Bentonite clay or, more correctly, sodium bentonite, is an absorbent clay that swells when it gets wet. It also gets slick and stringy. My first experience with bentonite was as a summer student working at a coal mine. We drilled several exploration core holes to define a new lease. The holes were sealed with bentonite chips which would expand enough to seal the hole when they got wet. The chip seal was so important that the BLM sent two representatives to observe the process and the director of technical services filled the hole personally. Apparently, they were all afraid that summer students would feed the chips too fast and jam the hole too near the collar and not allow the remainder of the chips to form the seal.
Bentonite is also used in drilling fluids. It is added to the water being pumped through the steel and helps to lift the cuttings to the surface as well as seal the sides of the hole to maintain the sides to be water tight. When I was in Africa on a coalbed methane exploration project the drillers were experimenting with some additives in the drill water. After about a day of drilling they were surprised to start getting water back. I realize that Africa is dry but the drillers shouldn't be that surprised to be getting fluid back.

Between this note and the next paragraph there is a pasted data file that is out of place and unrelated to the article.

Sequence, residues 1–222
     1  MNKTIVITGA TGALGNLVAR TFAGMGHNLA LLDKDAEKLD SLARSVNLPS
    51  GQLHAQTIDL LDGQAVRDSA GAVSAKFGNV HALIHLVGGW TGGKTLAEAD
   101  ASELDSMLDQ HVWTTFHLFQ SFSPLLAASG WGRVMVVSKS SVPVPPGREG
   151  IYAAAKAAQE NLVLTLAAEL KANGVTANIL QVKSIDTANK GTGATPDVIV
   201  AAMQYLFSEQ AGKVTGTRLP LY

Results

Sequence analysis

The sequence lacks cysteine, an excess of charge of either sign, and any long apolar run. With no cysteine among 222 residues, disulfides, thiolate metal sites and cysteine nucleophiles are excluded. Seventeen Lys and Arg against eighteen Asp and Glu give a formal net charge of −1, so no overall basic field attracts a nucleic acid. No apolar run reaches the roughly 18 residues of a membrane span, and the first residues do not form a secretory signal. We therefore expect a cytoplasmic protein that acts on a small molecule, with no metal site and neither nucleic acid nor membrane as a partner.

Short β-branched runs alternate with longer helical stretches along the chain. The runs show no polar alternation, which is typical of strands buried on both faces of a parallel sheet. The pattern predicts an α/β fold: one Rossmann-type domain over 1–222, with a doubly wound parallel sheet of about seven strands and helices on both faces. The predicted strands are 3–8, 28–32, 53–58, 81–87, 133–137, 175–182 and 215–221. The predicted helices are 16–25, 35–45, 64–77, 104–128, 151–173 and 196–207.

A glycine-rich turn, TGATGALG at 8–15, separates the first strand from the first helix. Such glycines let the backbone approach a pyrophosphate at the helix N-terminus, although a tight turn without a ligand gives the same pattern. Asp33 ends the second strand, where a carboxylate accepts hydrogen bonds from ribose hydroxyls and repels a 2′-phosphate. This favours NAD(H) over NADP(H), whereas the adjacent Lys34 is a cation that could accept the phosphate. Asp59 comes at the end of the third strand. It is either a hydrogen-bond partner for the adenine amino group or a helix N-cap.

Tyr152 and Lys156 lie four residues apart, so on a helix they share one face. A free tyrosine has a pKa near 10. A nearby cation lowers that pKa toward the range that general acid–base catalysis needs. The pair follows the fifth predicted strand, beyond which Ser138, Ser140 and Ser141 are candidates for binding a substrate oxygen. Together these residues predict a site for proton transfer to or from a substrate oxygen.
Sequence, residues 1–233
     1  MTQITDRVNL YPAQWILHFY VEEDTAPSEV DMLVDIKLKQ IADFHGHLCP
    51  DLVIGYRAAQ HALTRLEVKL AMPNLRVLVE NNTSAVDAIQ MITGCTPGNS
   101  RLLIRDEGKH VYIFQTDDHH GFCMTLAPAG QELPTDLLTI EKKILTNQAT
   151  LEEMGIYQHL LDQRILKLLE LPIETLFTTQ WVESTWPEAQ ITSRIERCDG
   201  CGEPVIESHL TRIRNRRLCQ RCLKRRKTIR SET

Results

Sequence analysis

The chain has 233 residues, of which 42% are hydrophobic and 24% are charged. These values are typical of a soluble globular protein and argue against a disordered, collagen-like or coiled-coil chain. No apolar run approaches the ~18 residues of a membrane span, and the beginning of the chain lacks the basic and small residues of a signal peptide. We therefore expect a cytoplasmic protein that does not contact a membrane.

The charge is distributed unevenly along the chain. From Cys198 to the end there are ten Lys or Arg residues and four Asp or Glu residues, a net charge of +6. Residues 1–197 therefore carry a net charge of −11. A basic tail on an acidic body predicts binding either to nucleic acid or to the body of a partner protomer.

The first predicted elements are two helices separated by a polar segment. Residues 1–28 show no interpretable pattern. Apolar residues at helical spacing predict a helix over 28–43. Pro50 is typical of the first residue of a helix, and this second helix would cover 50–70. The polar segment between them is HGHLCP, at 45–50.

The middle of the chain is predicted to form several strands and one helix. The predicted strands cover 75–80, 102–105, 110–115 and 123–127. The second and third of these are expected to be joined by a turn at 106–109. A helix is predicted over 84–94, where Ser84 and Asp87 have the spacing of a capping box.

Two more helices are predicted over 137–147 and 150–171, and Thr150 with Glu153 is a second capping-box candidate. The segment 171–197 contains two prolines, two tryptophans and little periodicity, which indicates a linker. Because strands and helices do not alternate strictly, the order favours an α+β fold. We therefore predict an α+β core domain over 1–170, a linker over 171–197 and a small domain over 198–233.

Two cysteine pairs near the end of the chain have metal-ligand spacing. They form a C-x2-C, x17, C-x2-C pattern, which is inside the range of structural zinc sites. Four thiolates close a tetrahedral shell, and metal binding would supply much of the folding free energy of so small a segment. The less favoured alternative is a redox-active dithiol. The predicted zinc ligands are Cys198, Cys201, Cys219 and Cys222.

The medical industry uses bentonite for its ability to absorb water and other toxins. Bentonite is used to treat things such as constipation, bloating and gas, iritable bowel syndrome and poison ivy.
One of the biggest uses of bentonite in the mining industry is as a liner. The clay swells so much when wet that when the top few inches become saturated they form a water tight seal. Bentonite clay liners are used for leach pads, tailings impoundments and water ponds because they are so much cheaper than plastic liners.
I also saw an interesting application of bentonite on the Discovery Chanel. On their show 'Dirty Jobs' Mike Row and the crew were harvesting walleye fish eggs and delivering them to the New Mexico Department of Game and Fish hatcheries. After the eggs had been inseminated they coated them with a solution of bentonite and water. I have been unable to find an explanation for this but I can only assume that it is to protect the eggs from being squashed during the rest of their handling.
I was pleased to get some rock samples from my father in law and was impressed by the variety in color. I was familiar with the dark brown color, but had no idea that it came in shades of green.